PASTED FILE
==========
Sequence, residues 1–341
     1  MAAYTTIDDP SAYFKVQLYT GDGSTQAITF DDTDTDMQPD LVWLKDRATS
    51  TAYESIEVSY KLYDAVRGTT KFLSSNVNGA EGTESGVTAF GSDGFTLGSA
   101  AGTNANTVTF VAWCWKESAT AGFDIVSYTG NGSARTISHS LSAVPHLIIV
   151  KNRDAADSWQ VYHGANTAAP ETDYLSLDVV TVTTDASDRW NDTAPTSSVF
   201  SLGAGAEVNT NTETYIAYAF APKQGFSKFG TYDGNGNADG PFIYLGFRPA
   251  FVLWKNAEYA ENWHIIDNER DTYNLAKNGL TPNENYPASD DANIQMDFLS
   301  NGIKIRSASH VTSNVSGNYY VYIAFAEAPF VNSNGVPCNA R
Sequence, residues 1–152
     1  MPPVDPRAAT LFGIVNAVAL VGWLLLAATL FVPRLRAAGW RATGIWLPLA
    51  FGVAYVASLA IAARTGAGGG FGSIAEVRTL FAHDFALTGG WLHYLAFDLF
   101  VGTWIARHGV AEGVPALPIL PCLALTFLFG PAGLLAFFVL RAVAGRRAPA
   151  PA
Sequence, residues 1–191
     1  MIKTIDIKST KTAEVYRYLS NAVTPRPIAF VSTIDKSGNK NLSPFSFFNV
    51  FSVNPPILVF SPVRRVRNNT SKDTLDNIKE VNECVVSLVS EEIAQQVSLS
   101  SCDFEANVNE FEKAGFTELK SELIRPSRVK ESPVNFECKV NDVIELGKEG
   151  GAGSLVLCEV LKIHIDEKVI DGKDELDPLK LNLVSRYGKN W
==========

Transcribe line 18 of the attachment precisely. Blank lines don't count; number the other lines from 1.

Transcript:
   151  GAGSLVLCEV LKIHIDEKVI DGKDELDPLK LNLVSRYGKN W